Condition Monitoring and Security in the Cloud

‘The Cloud’ refers to software, services and data that are stored on the internet.  However, this data is not just stored in a random location; it will be located on a group of computers operated by a service provider. Typically it will be Microsoft, Amazon, or Google, but other providers are available.  These companies have vast arrays of computer servers located in Data Centres around the world, and your data will be kept in one or more of these data centres – and generally restricted to one region (for example, the US or EU) upon request.

Cloud technology can provide a huge amount of benefit when used and implemented correctly. It can greatly reduce the risk of data loss because of how cloud providers offer managed services to handle backups and failovers systems. 

For a condition monitoring platform using the cloud, it is essential that sensor data reaches the cloud using a secure method. Gateways, or base stations, that send vital condition monitoring data to the cloud do so using secure network protocols and encryption. Data sent using SSH, IPsec, PGP or TLS/SSL with encryptions such as AES, 3DES or RSA are industry standard. This makes the connection very robust helping to keep your data safe on the internet. Once the data reaches the cloud, it is good practice to further encrypt the data whilst being held in the database (encrypted at rest) using the same or similar methods highlighted above.

Using an internet connection and browser, an authorised user will have access to the data from anywhere in the world. User login credentials require a token (access to the encrypted data at rest) to safely and securely view valuable condition monitoring data.

Other technologies, such as machine learning, can also utilise the superior computing power that comes from the cloud, giving automated intelligence to any machine that is monitored.

Some scenarios will not be suitable for cloud computing, such as sites that do not have an internet connection, or require an offline system.  However, many typical systems can benefit from adopting a cloud-based condition monitoring platform and strategy.

David Procter, Systems Development Manager, Sensoteq

What to consider when choosing a wireless condition monitoring system

As wireless sensor are starting to become mainstream in the condition monitoring world, there are now many more choices to consider when selecting a system to fit your needs.  This tip aims to look at the key features that will impact your decision.  When purchasing your next wireless system, quiz your supplier using the information below.

Data Captured

Not all wireless sensors are created equal. Some will only capture an OA, or Overall Value, which is a single number indicative of the amount of vibration measured at the sensor.  OA is useful for detecting certain types of faults, but it will not assist in diagnosing the problem, or inform the user of how severe the potential issue is.

The good news is that there are a lot of sensors on the market that capture a full time waveform, TWF.  This waveform can be transformed into a spectrum revealing the energy associated with the underlying frequencies.  Using both a TWF and Spectrum is a reliable tool for diagnosing faults.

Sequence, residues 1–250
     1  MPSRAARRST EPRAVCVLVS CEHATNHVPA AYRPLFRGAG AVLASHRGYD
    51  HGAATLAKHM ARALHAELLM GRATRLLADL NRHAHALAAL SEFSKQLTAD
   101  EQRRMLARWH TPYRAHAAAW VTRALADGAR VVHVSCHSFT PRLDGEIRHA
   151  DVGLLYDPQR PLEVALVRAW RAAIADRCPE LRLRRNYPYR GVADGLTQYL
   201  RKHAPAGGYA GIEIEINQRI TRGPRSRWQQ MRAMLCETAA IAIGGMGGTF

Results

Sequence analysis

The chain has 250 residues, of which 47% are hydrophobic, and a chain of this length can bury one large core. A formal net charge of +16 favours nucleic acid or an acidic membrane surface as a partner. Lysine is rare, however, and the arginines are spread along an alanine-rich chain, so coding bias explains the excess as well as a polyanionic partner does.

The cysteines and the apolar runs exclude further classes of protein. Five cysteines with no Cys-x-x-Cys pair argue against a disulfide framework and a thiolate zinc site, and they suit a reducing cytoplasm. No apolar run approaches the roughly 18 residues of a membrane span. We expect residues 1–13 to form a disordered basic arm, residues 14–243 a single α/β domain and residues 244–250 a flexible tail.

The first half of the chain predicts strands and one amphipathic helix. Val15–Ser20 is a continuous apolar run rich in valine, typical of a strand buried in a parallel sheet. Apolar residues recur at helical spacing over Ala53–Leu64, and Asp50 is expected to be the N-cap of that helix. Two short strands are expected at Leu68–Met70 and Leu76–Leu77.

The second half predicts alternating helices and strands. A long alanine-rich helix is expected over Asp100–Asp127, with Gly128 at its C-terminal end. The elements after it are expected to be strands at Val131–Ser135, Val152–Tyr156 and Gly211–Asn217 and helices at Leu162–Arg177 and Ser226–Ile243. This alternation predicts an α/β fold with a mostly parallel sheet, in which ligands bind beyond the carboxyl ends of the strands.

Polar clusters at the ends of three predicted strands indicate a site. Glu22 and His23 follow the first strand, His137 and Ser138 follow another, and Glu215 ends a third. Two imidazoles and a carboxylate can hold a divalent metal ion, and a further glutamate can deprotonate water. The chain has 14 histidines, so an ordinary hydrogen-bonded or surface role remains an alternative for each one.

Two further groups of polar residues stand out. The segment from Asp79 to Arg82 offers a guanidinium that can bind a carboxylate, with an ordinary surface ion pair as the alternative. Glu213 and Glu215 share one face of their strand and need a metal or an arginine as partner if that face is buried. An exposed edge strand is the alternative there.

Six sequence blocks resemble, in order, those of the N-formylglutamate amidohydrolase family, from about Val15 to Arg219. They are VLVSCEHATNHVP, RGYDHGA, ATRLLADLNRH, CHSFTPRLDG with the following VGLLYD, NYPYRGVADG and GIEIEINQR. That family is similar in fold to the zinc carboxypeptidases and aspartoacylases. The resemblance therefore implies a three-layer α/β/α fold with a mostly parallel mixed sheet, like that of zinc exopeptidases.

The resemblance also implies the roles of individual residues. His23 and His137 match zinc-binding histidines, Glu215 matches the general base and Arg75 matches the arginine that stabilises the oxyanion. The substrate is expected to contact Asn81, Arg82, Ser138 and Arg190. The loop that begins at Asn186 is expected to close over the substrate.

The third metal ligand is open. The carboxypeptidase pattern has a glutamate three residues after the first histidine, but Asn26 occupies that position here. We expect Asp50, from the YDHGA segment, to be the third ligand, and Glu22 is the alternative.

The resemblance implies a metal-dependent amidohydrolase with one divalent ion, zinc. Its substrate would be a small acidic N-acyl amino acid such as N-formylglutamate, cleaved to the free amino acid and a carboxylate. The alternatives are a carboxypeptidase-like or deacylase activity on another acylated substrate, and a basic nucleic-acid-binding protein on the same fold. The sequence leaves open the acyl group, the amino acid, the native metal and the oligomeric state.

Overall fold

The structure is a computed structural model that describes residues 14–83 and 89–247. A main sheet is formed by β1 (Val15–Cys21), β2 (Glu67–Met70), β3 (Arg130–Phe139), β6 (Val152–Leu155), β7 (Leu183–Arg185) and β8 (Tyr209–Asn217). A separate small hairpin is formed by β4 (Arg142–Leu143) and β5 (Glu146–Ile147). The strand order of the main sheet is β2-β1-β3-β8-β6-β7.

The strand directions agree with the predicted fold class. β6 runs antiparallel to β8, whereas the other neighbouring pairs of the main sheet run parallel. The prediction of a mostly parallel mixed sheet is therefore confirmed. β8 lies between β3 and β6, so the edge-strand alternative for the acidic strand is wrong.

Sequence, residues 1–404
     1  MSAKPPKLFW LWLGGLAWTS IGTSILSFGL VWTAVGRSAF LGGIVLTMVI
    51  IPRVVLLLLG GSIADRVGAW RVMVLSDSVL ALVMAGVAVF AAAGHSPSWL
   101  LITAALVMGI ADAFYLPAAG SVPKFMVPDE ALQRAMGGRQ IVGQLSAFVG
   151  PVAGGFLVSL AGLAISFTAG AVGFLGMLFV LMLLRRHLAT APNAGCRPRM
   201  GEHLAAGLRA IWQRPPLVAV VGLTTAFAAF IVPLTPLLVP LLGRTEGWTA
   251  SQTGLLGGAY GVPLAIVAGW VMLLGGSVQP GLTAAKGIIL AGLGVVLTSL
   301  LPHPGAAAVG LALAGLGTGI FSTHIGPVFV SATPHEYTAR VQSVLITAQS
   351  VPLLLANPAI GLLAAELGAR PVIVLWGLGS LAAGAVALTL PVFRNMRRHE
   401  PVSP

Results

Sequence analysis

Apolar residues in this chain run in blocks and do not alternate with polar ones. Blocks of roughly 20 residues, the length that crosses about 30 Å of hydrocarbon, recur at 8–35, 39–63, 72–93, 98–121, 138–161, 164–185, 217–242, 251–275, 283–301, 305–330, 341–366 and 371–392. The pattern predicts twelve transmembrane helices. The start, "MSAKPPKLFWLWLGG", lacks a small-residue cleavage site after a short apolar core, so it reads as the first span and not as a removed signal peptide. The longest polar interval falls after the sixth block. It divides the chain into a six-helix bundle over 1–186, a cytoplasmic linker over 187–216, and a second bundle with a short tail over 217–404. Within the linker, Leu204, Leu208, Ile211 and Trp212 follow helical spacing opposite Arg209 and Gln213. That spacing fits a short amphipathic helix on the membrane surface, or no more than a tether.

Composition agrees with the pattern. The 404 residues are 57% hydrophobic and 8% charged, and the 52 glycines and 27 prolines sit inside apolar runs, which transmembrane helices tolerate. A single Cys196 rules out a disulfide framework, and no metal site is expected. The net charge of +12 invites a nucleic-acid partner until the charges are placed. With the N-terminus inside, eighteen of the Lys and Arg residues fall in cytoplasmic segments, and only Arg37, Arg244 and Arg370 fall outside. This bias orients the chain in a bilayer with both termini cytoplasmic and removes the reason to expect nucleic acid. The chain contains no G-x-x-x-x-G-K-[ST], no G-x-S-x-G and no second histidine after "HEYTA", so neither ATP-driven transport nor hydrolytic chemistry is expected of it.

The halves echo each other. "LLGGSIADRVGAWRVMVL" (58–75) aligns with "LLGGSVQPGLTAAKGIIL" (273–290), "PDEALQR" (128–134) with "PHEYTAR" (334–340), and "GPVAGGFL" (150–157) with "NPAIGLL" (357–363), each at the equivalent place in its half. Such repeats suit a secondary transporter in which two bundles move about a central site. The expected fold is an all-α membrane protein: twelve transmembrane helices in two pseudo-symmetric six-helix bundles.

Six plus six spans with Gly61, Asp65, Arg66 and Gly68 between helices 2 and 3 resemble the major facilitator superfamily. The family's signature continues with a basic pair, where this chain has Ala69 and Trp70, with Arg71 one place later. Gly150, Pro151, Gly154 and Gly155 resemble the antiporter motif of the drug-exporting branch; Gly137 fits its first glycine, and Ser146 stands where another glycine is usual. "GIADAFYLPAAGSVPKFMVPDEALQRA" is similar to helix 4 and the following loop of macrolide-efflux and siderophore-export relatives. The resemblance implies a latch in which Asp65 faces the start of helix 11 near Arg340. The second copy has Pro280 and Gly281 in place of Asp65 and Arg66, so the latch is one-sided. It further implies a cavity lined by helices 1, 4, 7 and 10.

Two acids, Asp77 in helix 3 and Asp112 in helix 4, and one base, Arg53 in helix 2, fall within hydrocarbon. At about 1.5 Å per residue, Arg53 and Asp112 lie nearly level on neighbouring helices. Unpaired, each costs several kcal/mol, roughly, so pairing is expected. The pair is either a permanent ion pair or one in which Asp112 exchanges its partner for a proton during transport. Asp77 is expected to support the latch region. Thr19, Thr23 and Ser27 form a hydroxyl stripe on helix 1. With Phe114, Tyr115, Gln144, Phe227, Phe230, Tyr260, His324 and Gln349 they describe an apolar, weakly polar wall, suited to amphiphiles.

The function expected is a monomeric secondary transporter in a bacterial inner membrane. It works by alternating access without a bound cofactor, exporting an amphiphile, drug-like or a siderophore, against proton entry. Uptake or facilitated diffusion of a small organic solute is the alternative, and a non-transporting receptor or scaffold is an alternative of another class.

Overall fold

One step better is a sensor that will capture both an OA value regularly, and a TWF periodically – ensuring both a timely and informative strategy.


This is the maximum frequency your sensor will capture, higher values allow for detecting faults on higher speed machines, or on very low speed machines (providing the sample window is sufficient).  The general rule of thumb is Fmax = 70 x Running Speed. As the vast majority of wireless sensors are tri-axial, you should ensure you are aware of the Fmax for each axis, as you may only need a high Fmax reading in one axis.

Installation and Maintenance

Ease of installation is a huge area for wireless sensors.  Does the sensor and gateway come pre-linked? How do you connect a new sensor to a gateway? Can you easily swap a sensor should one need replaced? Ask your supplier to show you a typical installation so you understand the time involved.

Wireless Technology & Range

There are numerous wireless technologies available, but make sure you are aware of the pros and cons of each before choosing your supplier.  WiFi and Bluetooth (both 2.4GHz) are very common and easy for most to understand, but their range can be limited when used in an industrial environment, furthermore, some factories control their entire plant using 2.4GHz and will simply not allow the addition of more transmitters on that frequency. 

Other technologies such as LoRa and ISM will utilise sub-1GHz bands and will not interfere with existing equipment. They also benefit from better propagation through certain materials due to their lower frequency, meaning better range for similar battery life – with less existing equipment on this band, it will trouble IT teams much less.


There’s no point having a wireless sensor if it’s powered via cables – thus most, if not all, wireless sensors are battery powered.  You will find two key options, non-replaceable and replaceable. 

Non-replaceable batteries will benefit when it comes to ingress protection and intrinsic safety. As the sensor will not be user serviceable, it greatly increases robustness.

Replaceable batteries increase the useable life of the sensor – but be aware of misleading claims from manufacturers quoted battery life, as it can typically only be achieved when the sensor is in a low power state and limited use mode – ask your sensor supplier for the true battery life for your given application. The more times you have to replace a battery, the greater cost to you, mostly for the time it takes to replace (on average $100 per sensor), so higher battery life is better, even for replaceable battery.

David Proctor, Global Systems Data Specialist at Sensoteq